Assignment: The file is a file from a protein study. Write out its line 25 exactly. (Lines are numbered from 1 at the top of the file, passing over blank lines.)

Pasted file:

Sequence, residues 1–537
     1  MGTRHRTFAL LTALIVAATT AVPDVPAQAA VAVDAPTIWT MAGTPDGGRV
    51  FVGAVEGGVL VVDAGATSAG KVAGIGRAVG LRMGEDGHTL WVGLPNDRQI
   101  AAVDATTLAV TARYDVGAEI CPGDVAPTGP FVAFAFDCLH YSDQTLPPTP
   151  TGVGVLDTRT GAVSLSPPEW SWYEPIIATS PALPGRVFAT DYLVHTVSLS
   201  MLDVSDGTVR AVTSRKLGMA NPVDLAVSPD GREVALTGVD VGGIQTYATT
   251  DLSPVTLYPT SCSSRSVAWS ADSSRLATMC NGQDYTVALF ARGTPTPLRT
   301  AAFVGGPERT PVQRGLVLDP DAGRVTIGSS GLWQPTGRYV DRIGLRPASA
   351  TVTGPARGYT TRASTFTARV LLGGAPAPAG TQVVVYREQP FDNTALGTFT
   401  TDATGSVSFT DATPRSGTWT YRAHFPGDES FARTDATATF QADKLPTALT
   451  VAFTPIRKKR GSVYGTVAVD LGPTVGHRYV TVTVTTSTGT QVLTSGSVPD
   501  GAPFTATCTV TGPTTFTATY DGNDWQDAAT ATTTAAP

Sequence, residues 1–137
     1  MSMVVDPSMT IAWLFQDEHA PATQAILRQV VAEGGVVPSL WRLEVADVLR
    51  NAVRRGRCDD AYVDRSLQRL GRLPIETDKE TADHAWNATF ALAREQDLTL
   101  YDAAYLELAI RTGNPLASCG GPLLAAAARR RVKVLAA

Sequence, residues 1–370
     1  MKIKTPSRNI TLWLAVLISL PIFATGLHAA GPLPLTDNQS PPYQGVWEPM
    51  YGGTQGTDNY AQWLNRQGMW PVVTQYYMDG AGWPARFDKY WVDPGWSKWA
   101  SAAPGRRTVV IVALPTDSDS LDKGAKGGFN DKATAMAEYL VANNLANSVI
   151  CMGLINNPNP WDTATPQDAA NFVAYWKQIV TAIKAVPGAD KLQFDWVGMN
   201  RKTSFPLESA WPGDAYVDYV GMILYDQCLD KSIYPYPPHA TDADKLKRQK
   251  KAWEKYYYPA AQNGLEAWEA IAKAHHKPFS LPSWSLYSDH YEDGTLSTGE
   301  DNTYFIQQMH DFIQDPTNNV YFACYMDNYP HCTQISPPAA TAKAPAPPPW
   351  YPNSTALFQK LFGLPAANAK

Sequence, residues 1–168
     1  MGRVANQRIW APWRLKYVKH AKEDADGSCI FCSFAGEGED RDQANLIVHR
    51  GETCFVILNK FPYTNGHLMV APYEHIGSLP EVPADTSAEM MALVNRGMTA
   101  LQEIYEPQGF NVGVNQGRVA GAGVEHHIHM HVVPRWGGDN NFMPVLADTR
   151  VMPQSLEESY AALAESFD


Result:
   351  YPNSTALFQK LFGLPAANAK